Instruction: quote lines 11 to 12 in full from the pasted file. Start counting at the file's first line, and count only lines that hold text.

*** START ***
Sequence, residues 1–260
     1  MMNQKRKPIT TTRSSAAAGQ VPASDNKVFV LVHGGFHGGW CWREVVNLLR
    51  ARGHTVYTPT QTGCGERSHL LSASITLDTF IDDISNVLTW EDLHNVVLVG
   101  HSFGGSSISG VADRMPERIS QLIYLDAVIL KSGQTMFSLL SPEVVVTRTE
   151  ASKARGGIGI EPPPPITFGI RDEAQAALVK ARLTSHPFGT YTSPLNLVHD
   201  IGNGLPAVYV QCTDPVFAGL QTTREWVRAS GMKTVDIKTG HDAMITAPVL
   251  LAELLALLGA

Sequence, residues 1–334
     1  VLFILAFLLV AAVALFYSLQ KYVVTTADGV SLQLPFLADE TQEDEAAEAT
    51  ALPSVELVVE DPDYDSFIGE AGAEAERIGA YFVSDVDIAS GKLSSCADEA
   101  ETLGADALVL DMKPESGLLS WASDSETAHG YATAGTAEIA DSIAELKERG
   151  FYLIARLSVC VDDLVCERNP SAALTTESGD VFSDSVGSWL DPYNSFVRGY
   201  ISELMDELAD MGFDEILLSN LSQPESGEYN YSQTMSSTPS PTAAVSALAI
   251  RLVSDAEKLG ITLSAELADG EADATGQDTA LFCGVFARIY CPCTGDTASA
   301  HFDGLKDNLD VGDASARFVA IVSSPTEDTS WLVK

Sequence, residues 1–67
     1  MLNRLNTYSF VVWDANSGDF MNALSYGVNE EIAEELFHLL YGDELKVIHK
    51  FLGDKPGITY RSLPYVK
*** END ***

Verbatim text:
   101  ETLGADALVL DMKPESGLLS WASDSETAHG YATAGTAEIA DSIAELKERG
   151  FYLIARLSVC VDDLVCERNP SAALTTESGD VFSDSVGSWL DPYNSFVRGY